The day God got it all wrong?

Posted in Musings with tags , , on October 21, 2012 by johnfom

I have recently been given a book by my mother detailing the scientific and biblical rational for adopting a vegan diet called the ‘Hallelujah diet.’  On another front, my wife’s mother has also given us the book ‘Sweet poison’ by David Gillespe to review.  I want to say right up front that I respect a person’s right to choose a vegan diet as there are valid reasons for doing so (as a spiritual discipline or for a personal statement against ending an animal’s life) as I respect the right to limit the intake of sugar in one’s diet (I would recommend this).

Nevertheless, in perusing these two books I must admit that I have been rather disturbed by the tendency of the respective authors towards demonising a particular food group they deem to be unhealthy.  In the case of the Hallelujah diet meat is presented as a food that damages one’s health and must be avoided at all costs.  In the case of Sweet Poison it is sugar, namely fructose, that is the enemy that must be expunged from our diets if we are to maintain our health.  This would include cutting out certain fruits containing fructose.

The problem with both of these perspectives is that their plea to expunge a food group from our diets for the sake of our health is not based on good science.  In the case of sugar, David Gillespe points to certain studies ‘proving’ that fructose damages the health of animals.  However, more than one dietician (the scientists behind nutrition) has pointed out that these studies gave the test animals 200 times the normal intake they would normally have.  Of course this will cause problems.  But this does not mean that there is no safe level of fructose input.  In fact, the brain’s source of energy is sugar, meaning sugar is a necessary part of a healthy diet.

In the case of the Hallelujah Diet the case is prosecuted via the emotive argument that meat rots in the gut, causing us harm.  But to my knowledge there is no study that supports such a contention (my wife is studying dietetics and none of her text books even hint at this kind of problem) and a study put out by those behind the Hallelujah Diet indicates that those on the diet frequently suffer the effects of several major mineral and vitamin deficiencies.  I would say that there is little danger to our health posed by eating meat if it is done as part of a balanced diet.  In a balanced diet appropriate amounts of soluble fiber comb the intestines preventing any problems in relation to food being stuck in the gut.  These discussions remind me of the emphasis on a fat free diet.  However, while it would be prudent to limit our intake of certain fats, dietitians now emphasise that our bodies actually require a certain amount of fat to remain healthy.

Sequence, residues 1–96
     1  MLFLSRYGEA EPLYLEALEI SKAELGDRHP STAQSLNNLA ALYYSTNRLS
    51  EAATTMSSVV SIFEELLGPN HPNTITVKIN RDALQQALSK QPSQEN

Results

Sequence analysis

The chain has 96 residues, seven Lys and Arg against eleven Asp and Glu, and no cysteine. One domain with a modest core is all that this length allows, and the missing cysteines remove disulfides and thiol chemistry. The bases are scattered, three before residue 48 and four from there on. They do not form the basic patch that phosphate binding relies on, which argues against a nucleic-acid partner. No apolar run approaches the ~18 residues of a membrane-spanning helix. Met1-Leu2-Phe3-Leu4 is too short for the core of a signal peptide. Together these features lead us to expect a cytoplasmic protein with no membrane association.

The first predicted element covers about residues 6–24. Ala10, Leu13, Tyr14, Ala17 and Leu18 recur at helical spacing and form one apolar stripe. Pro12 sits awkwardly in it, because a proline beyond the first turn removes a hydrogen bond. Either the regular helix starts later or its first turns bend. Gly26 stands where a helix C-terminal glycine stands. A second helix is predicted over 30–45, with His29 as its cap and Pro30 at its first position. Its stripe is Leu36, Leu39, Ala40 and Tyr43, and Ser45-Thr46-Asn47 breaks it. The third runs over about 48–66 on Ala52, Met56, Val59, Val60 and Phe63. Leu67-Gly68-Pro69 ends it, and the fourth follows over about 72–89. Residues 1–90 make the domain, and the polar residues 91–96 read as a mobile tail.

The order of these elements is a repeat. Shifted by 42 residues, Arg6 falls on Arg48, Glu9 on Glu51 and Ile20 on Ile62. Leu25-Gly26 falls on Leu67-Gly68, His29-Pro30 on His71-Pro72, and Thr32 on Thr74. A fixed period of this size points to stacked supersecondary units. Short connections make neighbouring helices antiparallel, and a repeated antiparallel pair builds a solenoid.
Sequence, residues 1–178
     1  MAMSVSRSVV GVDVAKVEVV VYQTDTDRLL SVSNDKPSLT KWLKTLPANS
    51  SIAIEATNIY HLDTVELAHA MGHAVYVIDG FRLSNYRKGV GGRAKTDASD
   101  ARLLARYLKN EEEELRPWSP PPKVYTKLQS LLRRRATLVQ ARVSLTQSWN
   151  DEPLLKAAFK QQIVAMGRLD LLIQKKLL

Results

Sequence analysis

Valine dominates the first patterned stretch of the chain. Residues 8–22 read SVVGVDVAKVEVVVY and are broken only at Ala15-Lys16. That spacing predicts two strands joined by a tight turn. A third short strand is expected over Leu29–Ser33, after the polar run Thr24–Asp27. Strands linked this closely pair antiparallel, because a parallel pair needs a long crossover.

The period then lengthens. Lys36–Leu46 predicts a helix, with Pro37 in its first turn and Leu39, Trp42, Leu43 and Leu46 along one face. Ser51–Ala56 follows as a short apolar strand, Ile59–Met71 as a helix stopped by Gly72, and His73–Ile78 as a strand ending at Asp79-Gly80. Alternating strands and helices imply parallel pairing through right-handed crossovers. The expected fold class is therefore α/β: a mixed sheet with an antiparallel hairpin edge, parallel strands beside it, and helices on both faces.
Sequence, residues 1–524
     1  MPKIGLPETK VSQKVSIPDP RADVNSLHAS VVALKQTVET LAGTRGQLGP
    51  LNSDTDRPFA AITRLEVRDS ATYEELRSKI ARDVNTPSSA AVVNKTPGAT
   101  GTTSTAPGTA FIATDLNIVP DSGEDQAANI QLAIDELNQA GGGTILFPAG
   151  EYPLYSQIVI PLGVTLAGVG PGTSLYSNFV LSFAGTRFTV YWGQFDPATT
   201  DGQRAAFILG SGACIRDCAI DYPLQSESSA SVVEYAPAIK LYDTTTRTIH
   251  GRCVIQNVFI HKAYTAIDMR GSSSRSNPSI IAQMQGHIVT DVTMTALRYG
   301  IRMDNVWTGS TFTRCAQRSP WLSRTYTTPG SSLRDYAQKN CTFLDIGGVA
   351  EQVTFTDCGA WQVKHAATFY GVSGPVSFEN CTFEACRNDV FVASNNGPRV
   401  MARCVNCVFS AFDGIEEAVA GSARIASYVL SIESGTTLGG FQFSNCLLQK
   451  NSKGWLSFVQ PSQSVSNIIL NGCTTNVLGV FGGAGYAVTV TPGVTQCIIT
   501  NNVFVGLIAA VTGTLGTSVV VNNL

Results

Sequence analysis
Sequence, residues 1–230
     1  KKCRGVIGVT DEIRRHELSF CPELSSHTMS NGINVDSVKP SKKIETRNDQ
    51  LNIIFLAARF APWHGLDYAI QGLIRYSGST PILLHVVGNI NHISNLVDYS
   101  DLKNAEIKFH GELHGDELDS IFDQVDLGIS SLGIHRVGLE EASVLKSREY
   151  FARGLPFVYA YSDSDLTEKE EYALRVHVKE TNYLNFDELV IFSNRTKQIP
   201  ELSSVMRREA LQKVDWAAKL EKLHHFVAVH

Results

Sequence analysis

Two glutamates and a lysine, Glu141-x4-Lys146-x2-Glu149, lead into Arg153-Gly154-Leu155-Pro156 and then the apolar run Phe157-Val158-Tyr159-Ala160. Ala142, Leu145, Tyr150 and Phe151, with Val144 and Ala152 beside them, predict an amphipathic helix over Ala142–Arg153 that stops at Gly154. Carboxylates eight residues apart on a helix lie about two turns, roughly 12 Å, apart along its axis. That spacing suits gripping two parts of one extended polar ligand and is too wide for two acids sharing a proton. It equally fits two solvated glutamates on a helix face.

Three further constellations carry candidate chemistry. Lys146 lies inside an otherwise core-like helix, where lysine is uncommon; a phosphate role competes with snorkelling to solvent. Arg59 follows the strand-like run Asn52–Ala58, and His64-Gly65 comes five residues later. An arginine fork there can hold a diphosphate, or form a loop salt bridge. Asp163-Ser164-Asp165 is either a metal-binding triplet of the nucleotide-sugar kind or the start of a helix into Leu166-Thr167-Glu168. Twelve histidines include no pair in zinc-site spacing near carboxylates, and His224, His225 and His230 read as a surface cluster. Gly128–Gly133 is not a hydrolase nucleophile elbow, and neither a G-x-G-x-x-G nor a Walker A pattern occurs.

In the end it is a balanced diet that is the best way to go as both meat and sugar are necessary for healthy nutrition of our bodies (in appropriate quantities).  I know that not all Christians will agree with me but I can find no compelling biblical reason for eliminating entirely one or more food groups from our diets.  Did God get things wrong when he gave humans permission to eat meant or included fructose in fruit?  The key challenge I wish to leave the reader with is to urge you to take the time to find out what goes into a balanced diet.  With this knowledge you may be able to take some real steps towards protecting your health in the long term.

Darren J Clark

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Constructive dialogue, anyone?

Posted in From others... with tags , on October 17, 2012 by johnfom

What is perhaps most frustrating… is that differences regarding things like Calvinism and Arminianism, baptism, heaven and hell, gender roles, homosexuality, and atonement theories often disintegrate into harsh accusations in which we question one another’s commitment to Scripture…   Instead of a lively, impassioned debate about the text, we engage in lively, impassioned debates about one another’s commitment to the faith. 

For constructive dialog to happen, Christians must stop conflating differences in interpretation of Scripture with differences in commitment to Scripture.  We must respond to one another’s questions, arguments, and ideas in kind, with more questions, arguments, and ideas, rather than avoiding the conversation altogether by dismissing one another as unfaithful.  

Full discussion at: http://rachelheldevans.com/bible-interpretation

Do churches make people fat? (A World Food Day* post)

Posted in Musings with tags , on October 17, 2012 by johnfom